Are You Spending Too Much on Your Kids?

These days, parents spend a lot to raise their kids. All those $400 Nintendo Wiis and $200 iPod Nanos fly off the shelves, and a "princess" birthday party can cost up to $10,000. Then there are $900 strollers and cell phone bills and even credit cards for kids. But when does it get to be too much?

This kind of overspending is not good for kids or their parents - because, unless you're in the top income bracket, the only way to give your children everything they want (or everything marketers tell you they should have) is to neglect your own retirement saving. And the message you're sending, meanwhile, is that money grows on trees. Or at least on Mommy and Daddy.

"Spending too much" is a value judgment, of course, not a specific number. On average, couples with two kids and a household income in the middle range ($43,200 to $72,600) spend $7,493 a year on each child, from birth to age 17, according to the U.S. Department of Agriculture. (The per-child total rises to $11,234 if you count their share of the cost of maintaining your home, such as insurance, mortgage interest, and utilities.) While those aren't princess-party budgets, spending much more than the averages may be overdoing it - and can even lead to credit card debt and other money troubles. Another way to define "too much" is to ask yourself this: If you're in your 30s, are you putting at least 10 percent of your income into a retirement plan? If you're in your 40s or 50s, are you saving 15 percent? If you're nowhere close to those goals, you may be spending too much on your family lifestyle, and your child-related costs are a good place to consider cutting back.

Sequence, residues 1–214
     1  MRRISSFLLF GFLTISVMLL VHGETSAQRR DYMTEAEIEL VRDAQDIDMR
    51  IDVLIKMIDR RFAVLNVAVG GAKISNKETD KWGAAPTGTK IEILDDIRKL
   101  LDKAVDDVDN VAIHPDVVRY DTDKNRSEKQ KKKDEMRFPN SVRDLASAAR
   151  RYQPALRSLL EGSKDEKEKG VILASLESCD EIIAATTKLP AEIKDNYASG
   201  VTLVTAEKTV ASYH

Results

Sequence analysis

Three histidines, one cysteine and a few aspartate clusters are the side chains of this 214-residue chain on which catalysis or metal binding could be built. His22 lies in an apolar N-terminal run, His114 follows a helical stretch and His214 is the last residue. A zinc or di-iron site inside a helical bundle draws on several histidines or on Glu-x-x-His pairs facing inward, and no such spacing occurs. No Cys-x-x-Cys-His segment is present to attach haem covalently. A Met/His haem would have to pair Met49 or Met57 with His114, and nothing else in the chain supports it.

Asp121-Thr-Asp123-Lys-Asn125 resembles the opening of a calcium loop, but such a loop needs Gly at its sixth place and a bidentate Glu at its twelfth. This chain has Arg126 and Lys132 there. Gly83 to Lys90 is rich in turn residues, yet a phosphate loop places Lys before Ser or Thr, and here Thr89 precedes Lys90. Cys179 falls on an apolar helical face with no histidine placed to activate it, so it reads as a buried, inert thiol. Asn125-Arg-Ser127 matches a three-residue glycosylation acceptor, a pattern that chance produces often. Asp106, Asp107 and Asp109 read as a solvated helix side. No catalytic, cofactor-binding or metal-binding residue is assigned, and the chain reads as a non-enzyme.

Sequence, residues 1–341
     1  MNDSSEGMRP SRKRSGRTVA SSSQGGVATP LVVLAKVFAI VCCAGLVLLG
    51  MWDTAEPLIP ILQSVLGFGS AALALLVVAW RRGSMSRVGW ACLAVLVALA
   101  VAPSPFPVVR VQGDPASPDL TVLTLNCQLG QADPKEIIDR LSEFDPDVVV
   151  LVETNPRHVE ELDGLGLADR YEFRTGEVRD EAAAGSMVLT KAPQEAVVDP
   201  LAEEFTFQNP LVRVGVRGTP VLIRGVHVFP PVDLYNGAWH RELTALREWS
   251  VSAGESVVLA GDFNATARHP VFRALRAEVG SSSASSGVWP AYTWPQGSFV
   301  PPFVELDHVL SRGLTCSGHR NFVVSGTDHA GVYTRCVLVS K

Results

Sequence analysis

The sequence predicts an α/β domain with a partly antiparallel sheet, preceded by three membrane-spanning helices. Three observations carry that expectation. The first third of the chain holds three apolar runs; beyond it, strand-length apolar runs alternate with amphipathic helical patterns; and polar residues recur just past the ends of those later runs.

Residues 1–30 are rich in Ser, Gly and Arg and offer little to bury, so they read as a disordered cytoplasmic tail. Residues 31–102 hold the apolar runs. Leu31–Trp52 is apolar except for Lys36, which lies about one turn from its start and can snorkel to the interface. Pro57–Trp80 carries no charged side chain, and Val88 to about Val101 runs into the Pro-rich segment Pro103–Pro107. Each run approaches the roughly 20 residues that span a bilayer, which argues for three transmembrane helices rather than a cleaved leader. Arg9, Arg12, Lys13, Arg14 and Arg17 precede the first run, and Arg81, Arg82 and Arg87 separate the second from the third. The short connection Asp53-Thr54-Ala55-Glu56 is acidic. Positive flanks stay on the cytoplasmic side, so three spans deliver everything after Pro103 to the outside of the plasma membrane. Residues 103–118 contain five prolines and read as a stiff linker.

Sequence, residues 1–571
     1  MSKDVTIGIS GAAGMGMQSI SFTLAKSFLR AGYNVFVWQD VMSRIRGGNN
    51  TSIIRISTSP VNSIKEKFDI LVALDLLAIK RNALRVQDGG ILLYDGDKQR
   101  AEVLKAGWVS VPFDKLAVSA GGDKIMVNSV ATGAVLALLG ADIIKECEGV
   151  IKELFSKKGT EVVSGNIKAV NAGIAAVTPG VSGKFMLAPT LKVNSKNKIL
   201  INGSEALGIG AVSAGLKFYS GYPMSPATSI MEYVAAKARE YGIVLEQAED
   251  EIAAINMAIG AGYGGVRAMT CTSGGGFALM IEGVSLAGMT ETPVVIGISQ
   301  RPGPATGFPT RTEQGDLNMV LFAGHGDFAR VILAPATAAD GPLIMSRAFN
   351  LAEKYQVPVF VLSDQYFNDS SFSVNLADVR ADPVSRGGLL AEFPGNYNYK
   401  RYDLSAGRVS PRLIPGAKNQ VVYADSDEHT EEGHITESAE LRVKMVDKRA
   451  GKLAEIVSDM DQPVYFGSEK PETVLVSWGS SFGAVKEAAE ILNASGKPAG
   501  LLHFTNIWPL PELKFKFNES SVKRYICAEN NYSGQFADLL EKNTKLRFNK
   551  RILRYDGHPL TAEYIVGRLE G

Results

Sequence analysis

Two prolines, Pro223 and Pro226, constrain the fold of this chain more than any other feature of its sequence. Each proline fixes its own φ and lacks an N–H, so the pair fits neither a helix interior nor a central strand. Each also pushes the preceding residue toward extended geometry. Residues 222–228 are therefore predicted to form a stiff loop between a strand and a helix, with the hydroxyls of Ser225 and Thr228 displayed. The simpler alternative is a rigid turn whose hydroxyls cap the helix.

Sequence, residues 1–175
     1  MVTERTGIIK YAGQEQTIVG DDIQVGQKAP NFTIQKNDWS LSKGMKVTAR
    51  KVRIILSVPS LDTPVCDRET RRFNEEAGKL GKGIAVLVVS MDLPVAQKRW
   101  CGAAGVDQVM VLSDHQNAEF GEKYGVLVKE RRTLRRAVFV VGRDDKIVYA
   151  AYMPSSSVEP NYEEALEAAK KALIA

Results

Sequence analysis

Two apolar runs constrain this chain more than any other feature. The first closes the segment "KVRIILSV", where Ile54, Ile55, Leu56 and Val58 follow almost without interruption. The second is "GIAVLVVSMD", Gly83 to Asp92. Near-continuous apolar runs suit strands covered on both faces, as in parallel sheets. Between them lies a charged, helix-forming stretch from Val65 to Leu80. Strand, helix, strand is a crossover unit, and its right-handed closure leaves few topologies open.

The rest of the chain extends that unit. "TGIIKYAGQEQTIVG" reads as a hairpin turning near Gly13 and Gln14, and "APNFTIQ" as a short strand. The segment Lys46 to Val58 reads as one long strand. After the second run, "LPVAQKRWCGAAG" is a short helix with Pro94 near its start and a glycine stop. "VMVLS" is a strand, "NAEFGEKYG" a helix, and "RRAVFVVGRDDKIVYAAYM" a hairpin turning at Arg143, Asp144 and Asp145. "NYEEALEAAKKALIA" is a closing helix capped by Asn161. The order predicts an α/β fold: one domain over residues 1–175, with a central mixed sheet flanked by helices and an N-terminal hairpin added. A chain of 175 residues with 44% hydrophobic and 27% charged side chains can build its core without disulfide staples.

What Your Kids Can Do
One way to control spending is, surprisingly, to give your child more financial responsibility, says Janet Bodnar, author of Money Smart Women. Starting at 6 or so, kids should have allowances and use them to pay for certain expenses. For example, 8-year-olds might finance their own trading cards. By 12, they can pay for their DVD rentals and iTunes purchases. (Have them scour stores and the Web for the lowest prices and show you their research.) By 16, they should have a fixed clothing allowance - that way, if they want $100 jeans, they'll see that the only way to buy them is to cut back on everything else. Making your kids financially responsible is a great way to teach them about spending and saving and takes the pressure off you. But this point is crucial: Don't ride to the rescue if the money runs out. If you set up clear house rules and stick to them, your kids will learn to make the choices they need for a secure, happy financial future of their own.

How You Can Cut Back
Scale down birthday parties. Forget what the neighbors do. You convey your values to your children by doing what you think is right, not by exhausting yourself with a party that breaks your budget. Check out this party planning tool for ideas.

Pay for less entertainment. Do you buy premium cable channels for your kids but not for yourself? Do you cram their schedules with lessons that require special equipment? With teens, do you pay to enroll them in summer programs instead of encouraging them to get jobs? Each of these individual decisions might make sense, but collectively they can put you over budget.

Control cell phone costs. In this wired world, kids clamor for phones, to download music, e-mail pictures, and text message their friends. If this is the way their group keeps in touch, it's an expense you'll probably have to swallow. But costs can easily skyrocket, so choose a prepaid service with limited minutes. Or tell the kids that you'll pay for basic service only - they'll have to spend their own money for overage charges, text messages, and ring tones. They'll get frugal, fast. Try these phones for your kids.

Brace yourself for some whining. It can be hard to say no to kids - and if you try it, they may unleash their most fearsome weapons: guilt trips, grumbling, etc. Stand your ground. They may whine for a while, but they won't love you any less. In the long run, your children will learn valuable lessons in money management - and you'll be closer to a safe, financially secure retirement.

PLUS: Send your kids to college without going broke

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Reprinted with permission of Hearst Communications, Inc.